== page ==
She had no idea, considering his father was the one who was supposed to have insurance on the boy and they are no longer together, so they didn’t speak often.

She started frantically calling around to everyone she knew, and after trying for about an hour she left to go charge her phone and “call everyone she knew that might help her.”

While she was gone I tried everything possible to get her son’s prescriptions to the lowest amount possible, and after all of my hard work I got them from $645 to $260 dollars, still quite a lot by any means.

She called back later in the day to see how low I could get them so that she knew exactly how much she’d need to borrow, and after talking with her on the phone I had another patient walk up. I continued talking about the price and then we started discussing maybe her only getting two of them instead of all 5, she then told me she’d would be back up later to get the two.

After I had hung up, the patient I had waiting asked me if the person I was talking to on the phone couldn’t afford their medicine, and I just said yes.

And with no hesitation, she said “can you let me pay for them?”

I was stunned. I told her the prescriptions were over 200 dollars and she said “that’s fine.”

I took her to the register rang up the prescription and said “what would you like me to tell her?”

and she said “tell her Merry Christmas, and to pay it forward.”

I immediately called the patient who didn’t answer her phone.

About 3 hours later right before my shift ended she came in, and walked to the register and started thanking me for getting the prescriptions to a lower price.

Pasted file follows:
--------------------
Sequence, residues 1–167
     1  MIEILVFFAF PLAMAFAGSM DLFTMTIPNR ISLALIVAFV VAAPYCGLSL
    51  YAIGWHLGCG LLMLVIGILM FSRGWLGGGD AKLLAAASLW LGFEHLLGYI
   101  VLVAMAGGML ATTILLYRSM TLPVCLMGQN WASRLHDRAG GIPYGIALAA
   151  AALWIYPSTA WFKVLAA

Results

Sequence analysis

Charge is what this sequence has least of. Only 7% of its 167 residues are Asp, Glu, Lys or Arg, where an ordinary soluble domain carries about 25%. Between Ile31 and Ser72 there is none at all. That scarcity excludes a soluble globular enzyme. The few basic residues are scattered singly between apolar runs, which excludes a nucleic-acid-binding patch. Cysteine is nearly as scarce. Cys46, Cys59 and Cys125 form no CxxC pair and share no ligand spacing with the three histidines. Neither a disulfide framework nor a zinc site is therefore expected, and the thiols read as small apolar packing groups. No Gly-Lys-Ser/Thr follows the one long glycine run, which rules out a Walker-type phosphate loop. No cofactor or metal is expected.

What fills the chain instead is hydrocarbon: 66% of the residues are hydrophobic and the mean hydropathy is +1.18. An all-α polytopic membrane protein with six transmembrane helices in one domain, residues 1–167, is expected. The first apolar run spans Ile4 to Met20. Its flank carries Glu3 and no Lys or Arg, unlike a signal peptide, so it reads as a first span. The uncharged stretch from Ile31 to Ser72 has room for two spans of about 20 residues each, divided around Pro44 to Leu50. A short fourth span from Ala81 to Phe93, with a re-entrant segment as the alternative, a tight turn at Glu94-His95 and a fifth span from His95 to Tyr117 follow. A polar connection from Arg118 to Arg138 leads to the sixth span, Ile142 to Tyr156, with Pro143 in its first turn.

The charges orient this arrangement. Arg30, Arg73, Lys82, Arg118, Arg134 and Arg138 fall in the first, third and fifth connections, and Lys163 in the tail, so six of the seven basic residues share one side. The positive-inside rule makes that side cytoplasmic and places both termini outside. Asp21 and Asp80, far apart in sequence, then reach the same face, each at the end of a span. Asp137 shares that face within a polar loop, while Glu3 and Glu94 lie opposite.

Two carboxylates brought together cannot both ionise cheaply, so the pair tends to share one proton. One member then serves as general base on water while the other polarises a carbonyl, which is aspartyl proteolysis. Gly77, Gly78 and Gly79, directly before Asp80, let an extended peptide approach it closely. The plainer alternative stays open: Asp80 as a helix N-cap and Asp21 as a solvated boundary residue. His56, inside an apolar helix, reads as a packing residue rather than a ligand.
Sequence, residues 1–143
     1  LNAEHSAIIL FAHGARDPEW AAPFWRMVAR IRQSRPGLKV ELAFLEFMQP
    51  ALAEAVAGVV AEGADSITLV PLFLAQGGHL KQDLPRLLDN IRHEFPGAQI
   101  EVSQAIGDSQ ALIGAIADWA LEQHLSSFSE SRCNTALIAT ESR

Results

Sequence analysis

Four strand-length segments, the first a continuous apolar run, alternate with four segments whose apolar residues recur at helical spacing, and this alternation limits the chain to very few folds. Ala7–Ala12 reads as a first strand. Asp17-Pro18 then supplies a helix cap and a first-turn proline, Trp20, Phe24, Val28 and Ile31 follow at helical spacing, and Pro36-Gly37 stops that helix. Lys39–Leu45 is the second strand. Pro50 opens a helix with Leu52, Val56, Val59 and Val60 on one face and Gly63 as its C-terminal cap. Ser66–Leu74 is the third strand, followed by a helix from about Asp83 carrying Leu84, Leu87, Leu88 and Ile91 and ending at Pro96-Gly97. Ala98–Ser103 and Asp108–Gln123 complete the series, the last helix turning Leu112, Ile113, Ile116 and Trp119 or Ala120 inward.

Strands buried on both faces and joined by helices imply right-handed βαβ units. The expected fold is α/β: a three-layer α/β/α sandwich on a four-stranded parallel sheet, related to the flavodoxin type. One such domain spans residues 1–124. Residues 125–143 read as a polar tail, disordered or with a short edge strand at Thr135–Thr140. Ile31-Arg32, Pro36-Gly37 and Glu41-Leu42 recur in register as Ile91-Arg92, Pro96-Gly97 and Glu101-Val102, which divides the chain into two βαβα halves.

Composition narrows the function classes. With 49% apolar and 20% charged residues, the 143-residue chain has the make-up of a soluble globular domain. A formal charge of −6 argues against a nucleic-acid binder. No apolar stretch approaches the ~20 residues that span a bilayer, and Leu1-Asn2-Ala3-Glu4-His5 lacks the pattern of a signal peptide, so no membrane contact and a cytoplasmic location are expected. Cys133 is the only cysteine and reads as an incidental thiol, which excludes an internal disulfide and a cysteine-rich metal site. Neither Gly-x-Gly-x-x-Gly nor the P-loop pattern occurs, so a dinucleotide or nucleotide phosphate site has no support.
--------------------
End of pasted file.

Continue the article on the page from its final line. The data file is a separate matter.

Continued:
and I had the pleasure of looking into the woman’s eyes and saying “they have already been paid for, I was told to tell you Marry Christmas and to pay it forward” 

And she immediately broke down into tears.

Such wonderful people, both the pharmacist for taking the trouble to get the bill down from $645 to $260 and the lady for actually paying for a stranger’s prescriptions! — Pay it forward!

This Cop

thedailyst:

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"I ran out of gas and this officer pulled over to ask if everything was all right. After explaining, he went and got some gas and then poured it in. When I offered him money, he smiled and said, "Have a nice day," before getting back in his car and driving off."

Today in unsung heroes: Florida man donates $21,495 in found spare change to animal rescue

holygoddamnshitballs:

Rick Snyder helps sort and pack more than $21,000 in coins and bills he has collected over the past 10 years to donate to the Gulf Shore Animal League. GRANT JEFFERIES/Bradenton Herald GJEFFERIE